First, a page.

The officers serve as the primary enforcement agents. When criminal activity takes place on school grounds, the police officers coordinate the response and follow-up investigation. Usually, officers arrive while the incident is in progress, which allows them to identify the perpetrator and take immediate action. Because officers are considered members of the school community, staff members and students cooperate with them when they conduct investigations.
The police officers perform a wide range of duties as community policing representatives. They remain proactive in crime prevention and drug education programs, and they serve as police liaison officers for the schools. In this way, they bridge the gap that often exists between schools and local law enforcement.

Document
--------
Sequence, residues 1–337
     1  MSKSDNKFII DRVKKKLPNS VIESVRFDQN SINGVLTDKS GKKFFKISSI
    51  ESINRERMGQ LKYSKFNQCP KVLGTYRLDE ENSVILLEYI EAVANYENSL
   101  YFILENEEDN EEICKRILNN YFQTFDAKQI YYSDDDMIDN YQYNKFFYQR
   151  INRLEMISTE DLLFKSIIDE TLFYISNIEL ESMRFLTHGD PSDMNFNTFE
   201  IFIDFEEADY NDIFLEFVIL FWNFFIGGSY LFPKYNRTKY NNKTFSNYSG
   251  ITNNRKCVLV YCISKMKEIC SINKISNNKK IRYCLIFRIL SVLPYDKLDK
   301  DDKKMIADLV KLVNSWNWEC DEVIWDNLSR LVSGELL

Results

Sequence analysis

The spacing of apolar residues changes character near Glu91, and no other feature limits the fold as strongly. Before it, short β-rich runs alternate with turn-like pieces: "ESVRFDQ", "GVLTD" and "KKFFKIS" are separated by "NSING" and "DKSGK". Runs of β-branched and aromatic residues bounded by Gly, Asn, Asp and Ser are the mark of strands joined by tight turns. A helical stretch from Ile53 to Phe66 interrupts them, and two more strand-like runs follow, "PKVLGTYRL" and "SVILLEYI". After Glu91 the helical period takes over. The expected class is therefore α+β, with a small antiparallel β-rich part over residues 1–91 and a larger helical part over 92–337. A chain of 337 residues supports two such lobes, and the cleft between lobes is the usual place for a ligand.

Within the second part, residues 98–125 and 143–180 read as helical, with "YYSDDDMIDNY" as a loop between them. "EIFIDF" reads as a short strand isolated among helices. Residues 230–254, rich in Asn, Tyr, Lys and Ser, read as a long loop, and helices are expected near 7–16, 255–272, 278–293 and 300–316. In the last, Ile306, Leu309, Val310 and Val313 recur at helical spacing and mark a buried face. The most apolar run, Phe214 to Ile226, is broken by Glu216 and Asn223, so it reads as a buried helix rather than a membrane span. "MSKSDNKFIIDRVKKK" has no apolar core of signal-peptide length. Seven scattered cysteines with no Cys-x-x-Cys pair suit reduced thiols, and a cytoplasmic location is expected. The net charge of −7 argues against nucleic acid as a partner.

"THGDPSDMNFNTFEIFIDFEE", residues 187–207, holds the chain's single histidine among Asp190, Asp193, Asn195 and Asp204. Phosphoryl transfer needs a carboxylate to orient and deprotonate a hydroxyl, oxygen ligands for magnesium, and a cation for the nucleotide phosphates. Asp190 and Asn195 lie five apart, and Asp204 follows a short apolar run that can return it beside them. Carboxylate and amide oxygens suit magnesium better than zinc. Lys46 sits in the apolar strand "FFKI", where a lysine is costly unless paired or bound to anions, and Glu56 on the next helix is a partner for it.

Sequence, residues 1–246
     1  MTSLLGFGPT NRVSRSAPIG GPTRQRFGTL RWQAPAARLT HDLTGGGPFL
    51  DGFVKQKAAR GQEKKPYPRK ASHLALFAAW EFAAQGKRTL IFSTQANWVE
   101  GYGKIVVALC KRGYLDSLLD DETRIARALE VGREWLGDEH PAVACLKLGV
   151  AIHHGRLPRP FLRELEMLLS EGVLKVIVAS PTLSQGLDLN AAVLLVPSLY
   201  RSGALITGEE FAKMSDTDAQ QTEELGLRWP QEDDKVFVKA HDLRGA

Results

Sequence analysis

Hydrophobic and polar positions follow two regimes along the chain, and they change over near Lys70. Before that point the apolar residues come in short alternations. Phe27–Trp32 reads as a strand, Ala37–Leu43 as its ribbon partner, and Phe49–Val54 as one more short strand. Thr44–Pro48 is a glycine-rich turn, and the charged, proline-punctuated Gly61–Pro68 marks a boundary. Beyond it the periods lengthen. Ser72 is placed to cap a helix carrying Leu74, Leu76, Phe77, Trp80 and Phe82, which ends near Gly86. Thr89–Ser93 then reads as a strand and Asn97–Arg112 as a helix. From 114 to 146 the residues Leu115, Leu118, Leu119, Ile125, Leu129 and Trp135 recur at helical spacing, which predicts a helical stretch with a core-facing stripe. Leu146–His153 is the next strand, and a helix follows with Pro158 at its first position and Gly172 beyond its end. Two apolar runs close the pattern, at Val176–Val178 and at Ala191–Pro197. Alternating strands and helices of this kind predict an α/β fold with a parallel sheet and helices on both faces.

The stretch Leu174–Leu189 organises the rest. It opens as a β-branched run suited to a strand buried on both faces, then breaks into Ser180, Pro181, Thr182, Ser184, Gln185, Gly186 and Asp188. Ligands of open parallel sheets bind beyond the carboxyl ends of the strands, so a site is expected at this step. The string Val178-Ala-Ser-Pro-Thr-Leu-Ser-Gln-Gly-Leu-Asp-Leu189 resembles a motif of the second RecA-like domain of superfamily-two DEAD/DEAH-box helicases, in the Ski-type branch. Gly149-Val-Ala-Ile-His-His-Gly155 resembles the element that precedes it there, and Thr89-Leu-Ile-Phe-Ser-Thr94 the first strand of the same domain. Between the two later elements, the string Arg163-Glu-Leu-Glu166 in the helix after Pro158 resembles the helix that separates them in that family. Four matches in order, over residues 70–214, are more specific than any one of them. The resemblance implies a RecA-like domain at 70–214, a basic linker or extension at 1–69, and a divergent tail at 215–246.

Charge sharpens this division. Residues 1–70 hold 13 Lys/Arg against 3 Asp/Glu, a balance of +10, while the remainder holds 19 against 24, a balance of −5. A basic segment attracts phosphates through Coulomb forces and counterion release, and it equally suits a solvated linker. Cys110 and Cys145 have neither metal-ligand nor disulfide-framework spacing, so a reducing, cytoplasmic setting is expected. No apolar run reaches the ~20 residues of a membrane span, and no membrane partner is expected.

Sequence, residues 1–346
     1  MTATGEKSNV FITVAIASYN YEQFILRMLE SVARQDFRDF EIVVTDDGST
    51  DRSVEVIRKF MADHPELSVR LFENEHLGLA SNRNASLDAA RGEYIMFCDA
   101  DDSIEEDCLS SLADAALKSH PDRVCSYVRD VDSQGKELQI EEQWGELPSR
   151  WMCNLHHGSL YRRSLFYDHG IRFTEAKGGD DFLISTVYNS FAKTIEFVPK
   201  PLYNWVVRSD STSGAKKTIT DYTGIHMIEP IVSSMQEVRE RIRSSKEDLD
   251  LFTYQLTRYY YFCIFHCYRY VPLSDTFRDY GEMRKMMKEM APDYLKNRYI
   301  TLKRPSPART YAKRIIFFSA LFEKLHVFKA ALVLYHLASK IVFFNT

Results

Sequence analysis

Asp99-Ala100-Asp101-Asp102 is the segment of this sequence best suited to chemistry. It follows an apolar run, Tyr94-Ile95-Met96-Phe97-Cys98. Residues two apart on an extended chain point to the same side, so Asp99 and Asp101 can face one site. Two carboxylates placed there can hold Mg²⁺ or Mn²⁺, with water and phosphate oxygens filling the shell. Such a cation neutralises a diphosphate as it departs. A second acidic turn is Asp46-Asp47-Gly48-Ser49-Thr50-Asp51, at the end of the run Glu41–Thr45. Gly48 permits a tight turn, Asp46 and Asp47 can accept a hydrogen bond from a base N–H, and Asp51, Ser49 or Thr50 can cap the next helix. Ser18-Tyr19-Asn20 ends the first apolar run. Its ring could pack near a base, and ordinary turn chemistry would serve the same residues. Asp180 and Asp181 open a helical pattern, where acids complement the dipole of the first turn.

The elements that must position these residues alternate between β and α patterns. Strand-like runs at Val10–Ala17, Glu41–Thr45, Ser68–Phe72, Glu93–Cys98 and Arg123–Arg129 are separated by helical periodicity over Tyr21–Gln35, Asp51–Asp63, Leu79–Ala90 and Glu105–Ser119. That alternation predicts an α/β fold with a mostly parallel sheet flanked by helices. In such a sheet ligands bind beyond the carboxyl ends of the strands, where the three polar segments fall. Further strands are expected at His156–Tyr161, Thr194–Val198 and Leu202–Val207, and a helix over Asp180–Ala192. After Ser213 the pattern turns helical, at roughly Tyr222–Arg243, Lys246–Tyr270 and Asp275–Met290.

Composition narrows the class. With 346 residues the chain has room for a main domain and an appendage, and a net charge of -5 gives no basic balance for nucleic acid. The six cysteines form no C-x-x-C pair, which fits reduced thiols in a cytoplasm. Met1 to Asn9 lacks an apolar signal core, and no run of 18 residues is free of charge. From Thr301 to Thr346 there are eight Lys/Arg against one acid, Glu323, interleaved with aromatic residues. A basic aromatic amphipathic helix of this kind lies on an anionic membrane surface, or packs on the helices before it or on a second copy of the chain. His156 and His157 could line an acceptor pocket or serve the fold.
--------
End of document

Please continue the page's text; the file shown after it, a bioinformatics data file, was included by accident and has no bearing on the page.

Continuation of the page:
In addition, all four high schools in the LCCD have implemented a peer mediation program to address disputes among students. Individuals are referred to this program by either faculty, staff, police officers, or other students. The police officers and other school staff members coordinate this program, but student volunteers carry out the actual administration. These programs have successfully redirected many students' violent tendencies.
The district recently took advantage of federal funds by sending the two officers assigned to the junior high schools for training to earn certification as Gang Resistance Education and Training instructors. This crime prevention curriculum places a police officer in the classroom 1 day a week for 9 weeks to teach and interact with students about issues of violence and conflict resolution.